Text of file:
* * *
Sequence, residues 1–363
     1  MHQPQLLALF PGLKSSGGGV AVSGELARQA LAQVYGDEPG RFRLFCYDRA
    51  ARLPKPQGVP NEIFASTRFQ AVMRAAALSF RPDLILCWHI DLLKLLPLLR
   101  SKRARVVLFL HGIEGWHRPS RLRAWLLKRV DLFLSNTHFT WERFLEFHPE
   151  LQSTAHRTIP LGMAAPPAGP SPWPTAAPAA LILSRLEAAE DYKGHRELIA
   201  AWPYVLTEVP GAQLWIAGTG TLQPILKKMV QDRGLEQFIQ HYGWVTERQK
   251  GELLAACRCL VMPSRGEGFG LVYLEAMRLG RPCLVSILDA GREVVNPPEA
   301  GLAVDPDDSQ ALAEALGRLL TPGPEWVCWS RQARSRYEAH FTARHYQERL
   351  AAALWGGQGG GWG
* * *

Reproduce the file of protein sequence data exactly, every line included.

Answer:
Sequence, residues 1–363
     1  MHQPQLLALF PGLKSSGGGV AVSGELARQA LAQVYGDEPG RFRLFCYDRA
    51  ARLPKPQGVP NEIFASTRFQ AVMRAAALSF RPDLILCWHI DLLKLLPLLR
   101  SKRARVVLFL HGIEGWHRPS RLRAWLLKRV DLFLSNTHFT WERFLEFHPE
   151  LQSTAHRTIP LGMAAPPAGP SPWPTAAPAA LILSRLEAAE DYKGHRELIA
   201  AWPYVLTEVP GAQLWIAGTG TLQPILKKMV QDRGLEQFIQ HYGWVTERQK
   251  GELLAACRCL VMPSRGEGFG LVYLEAMRLG RPCLVSILDA GREVVNPPEA
   301  GLAVDPDDSQ ALAEALGRLL TPGPEWVCWS RQARSRYEAH FTARHYQERL
   351  AAALWGGQGG GWG